• A copy of the certificate of conviction for the domestic violence offence

  • A copy of a current Domestic Violence Order protecting you or your dependent child

  • A copy of a current injunction granted under section 68B or 114 of the Family Law Act 1975

  • Or a declaration made by a competent person in the required form, that you or your dependent child are a victim of domestic violence.

Tenants Union NSW provides the following template you can send to your landlord:


If you or someone you know is experiencing domestic or family violence, call 1800RESPECT (1800 737 732) or visit www.1800RESPECT.org.au.

In an emergency or if you’re not feeling safe, always call 000.

Savings.com.au’s two cents

While Savings.com.au aren’t relationship counsellors, we do know a thing or two about finances, and the two are usually interlinked. Money is one of the leading causes of a breakdown in relationships, and if you break up mid-lease, the money aspect of moving out or finding a replacement tenant can make a hard situation worse.

That’s why it’s important to try as hard as possible to sort it out in a mature and civil way, as both parties can end up taking a hit in their bank accounts if they don’t. Work together as best you can to work out who gets what and who will live where, and aim to have this worked out long before you split as a precaution. If you’re really struggling to make it work, seek professional help, such as from a mediator, a lawyer, or a good property manager. You can also consult your state’s tenants' union or representative who have staff trained to help with situations like these.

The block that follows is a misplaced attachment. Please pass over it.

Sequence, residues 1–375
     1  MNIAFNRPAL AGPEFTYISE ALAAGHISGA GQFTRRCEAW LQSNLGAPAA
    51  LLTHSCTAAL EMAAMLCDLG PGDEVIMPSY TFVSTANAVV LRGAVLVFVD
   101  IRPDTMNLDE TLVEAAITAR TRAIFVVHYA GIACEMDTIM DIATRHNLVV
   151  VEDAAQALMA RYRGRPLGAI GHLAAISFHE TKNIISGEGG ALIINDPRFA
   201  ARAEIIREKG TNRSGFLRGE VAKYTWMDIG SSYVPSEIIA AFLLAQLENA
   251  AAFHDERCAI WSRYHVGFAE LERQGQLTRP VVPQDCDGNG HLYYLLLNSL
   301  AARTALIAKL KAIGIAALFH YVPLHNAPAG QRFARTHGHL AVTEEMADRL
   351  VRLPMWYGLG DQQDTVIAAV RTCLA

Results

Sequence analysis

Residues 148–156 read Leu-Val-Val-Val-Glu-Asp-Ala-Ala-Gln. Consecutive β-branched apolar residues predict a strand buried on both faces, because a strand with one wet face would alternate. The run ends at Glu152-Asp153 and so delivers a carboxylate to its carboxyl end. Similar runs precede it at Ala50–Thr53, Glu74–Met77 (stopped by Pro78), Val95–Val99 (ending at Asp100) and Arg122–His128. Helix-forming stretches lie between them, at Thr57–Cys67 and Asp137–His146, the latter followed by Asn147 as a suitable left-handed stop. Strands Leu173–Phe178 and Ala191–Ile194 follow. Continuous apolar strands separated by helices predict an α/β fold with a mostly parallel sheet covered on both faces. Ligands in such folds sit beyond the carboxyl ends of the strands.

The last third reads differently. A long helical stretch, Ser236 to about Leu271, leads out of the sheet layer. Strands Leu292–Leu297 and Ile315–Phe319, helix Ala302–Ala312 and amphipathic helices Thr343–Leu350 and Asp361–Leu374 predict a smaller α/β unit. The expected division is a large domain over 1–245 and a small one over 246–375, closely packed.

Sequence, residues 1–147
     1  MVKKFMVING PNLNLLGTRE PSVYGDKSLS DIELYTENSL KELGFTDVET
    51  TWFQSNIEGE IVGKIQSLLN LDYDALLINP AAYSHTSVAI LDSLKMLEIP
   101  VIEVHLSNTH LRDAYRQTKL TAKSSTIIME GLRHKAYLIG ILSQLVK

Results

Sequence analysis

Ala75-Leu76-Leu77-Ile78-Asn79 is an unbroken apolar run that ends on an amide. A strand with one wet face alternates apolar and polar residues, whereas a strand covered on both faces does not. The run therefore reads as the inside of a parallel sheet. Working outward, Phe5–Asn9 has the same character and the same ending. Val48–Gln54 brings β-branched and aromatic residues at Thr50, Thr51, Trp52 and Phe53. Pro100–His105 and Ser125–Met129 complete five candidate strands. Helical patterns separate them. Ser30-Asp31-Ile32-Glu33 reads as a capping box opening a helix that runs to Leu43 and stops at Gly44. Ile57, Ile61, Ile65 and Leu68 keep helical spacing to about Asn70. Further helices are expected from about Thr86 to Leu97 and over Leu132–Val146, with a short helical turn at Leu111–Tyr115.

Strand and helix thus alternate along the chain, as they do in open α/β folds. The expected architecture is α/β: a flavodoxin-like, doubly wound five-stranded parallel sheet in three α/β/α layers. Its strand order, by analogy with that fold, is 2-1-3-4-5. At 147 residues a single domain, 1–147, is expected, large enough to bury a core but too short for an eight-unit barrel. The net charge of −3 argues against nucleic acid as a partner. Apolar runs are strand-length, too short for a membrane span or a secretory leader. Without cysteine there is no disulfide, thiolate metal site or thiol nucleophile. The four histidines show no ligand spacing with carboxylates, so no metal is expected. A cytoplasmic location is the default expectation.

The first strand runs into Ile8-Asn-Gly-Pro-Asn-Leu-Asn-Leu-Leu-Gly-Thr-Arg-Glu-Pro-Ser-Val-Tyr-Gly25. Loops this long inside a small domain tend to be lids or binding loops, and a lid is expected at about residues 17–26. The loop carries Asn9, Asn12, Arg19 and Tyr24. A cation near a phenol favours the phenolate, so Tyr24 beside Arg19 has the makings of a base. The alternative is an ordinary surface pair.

Photo by Kelly Sikkema on Unsplash


The entire market was not considered in selecting the above products. Rather, a cut-down portion of the market has been considered which includes retail products from at least the big four banks, the top 10 customer-owned institutions and Australia’s larger non-banks:

  • The big four banks are: ANZ, CBA, NAB and Westpac
  • The top 10 customer-owned Institutions are the ten largest mutual banks, credit unions and building societies in Australia, ranked by assets under management in November 2020. They are (in descending order): Great Southern Bank, Newcastle Permanent, Heritage Bank, Peoples’ Choice Credit Union, Teachers Mutual Bank, Greater Bank, IMB Bank, Beyond Bank, Bank Australia and P&N Bank.
  • The larger non-bank lenders are those who (in 2020) has more than $9 billion in Australian funded loans and advances. These groups are: Resimac, Pepper, Liberty and Firstmac.
  • If you click on a product link and you are referred to a Product or Service Provider’s web page, it is highly likely that a commercial relationship exists between that Product or Service Provider and Savings.com.au

Some providers' products may not be available in all states. To be considered, the product and rate must be clearly published on the product provider's web site.

In the interests of full disclosure, Savings.com.au, Performance Drive and Loans.com.au are part of the Firstmac Group. To read about how Savings.com.au manages potential conflicts of interest, along with how we get paid, please click through onto the web site links.

*The Comparison rate is based on a $150,000 loan over 25 years. Warning: this comparison rate is true only for this example and may not include all fees and charges. Different terms, fees or other loan amounts might result in a different comparison rate.

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William Jolly joined Savings.com.au as a Financial Journalist in 2018, after spending two years at financial research firm Canstar. In William's articles, you're likely to find complex financial topics and products broken down into everyday language. He is deeply passionate about improving the financial literacy of Australians and providing them with resources on how to save money in their everyday lives.